April 25th in New Zealand and Australia is ANZAC day. You can read more about ANZAC day in the 2014 previous post, in last year’s ANZAC post, or here at the New Zealand History Website. But in short, ANZAC day marks the day that the Australia and New Zealand Army Corps landed at Gallipoli in World War 1. It was an 8 month campaign that was a bit of a disaster. While last year marked the 100 years since the beginning of that campaign, this year marked the 100 since the very first ANZAC service, so a few friends and I headed along.
While there weren’t as many people at the Auckland War Memorial Mueseum as there were last year, there was still a very large crowd, and we we stood off to one side and watched the service from a screen. It started at 6am, and went for about 40 minutes. Last year we were blessed with a clear morning, being able to see the sun rise up over the hill, but this year it was a little cloudy. It was only on our walk back to the car (which was parked about 1km away) that we really saw the sun.
While I don’t believe war is ever the answer – ever – I do think it’s important to remember the past and the mistakes that we made, and the people that lost their lives because of those mistakes. I won’t say much more on the matter, but I do think it’s also important to remember that it wasn’t just the ANZACs who died at Gallipoli, and it wasn’t just us who lost family members and loved ones. An ‘estimated 250,000 Turkish and Arab troops were killed or wounded defending Gallipoli’ (NZ History website) and they all had family members and loved ones. We should remember them as well.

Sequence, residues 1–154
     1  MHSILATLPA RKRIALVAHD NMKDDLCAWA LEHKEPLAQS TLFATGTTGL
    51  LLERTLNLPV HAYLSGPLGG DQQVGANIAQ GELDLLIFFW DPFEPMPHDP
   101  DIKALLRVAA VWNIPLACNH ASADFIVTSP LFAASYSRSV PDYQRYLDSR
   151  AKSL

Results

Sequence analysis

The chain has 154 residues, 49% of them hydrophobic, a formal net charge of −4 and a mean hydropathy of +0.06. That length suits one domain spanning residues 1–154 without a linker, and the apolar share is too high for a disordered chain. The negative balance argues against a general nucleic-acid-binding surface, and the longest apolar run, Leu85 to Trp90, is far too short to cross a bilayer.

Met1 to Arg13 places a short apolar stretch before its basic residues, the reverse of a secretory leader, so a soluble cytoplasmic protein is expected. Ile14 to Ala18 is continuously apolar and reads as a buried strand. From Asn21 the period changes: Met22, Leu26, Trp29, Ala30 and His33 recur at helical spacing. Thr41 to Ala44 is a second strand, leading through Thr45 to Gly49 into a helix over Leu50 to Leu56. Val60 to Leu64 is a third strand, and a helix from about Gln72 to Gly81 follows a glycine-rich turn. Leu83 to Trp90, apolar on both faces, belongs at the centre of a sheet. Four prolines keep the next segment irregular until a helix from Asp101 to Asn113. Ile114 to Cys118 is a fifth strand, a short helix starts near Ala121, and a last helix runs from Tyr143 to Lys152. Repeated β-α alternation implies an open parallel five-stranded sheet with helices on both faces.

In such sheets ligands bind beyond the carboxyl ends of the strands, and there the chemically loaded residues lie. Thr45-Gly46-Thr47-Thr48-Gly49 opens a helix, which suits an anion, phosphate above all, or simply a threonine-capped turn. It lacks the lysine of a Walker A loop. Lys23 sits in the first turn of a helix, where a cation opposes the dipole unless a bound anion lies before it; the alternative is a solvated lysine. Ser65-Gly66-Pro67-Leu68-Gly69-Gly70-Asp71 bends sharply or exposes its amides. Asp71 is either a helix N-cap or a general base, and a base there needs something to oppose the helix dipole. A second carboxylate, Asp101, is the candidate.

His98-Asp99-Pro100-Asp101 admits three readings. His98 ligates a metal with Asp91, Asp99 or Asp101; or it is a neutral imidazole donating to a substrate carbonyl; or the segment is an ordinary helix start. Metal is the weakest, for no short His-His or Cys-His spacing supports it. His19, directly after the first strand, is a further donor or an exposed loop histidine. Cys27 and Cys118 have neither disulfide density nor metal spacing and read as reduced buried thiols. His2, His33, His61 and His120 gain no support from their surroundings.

Last year I stand I probably wouldn’t go to a dawn parade again. Look how that turned out. I do feel, however, that the main big services are done now – 100 years since the war began, 100 years since Gallipoli, and 100 years since the first service. Surely there can’t be another big reason to go next year? That’s my tired self talking. As I write this it’s just 11am, and I feel like I’ve been up since 4:30am. Oh wait…
In school we did a topic in English on war poetry, and this is the only poem I ever liked, I think because of the last little section. You can read the entire poem here, but here are the last few lines for you to think about.
If you could hear, at every jolt, the blood
Come gargling from the froth-corrupted lungs,
Obscene as cancer, bitter as the cud
Of vile, incurable sores on innocent tongues,
My friend, you would not tell with such high zest
To children ardent for some desperate glory,
The old Lie; Dulce et Decorum est Pro patria mori.*
-Wilfred Owen, Dulce et Decorum Est
*it is sweet and right to die for one’s country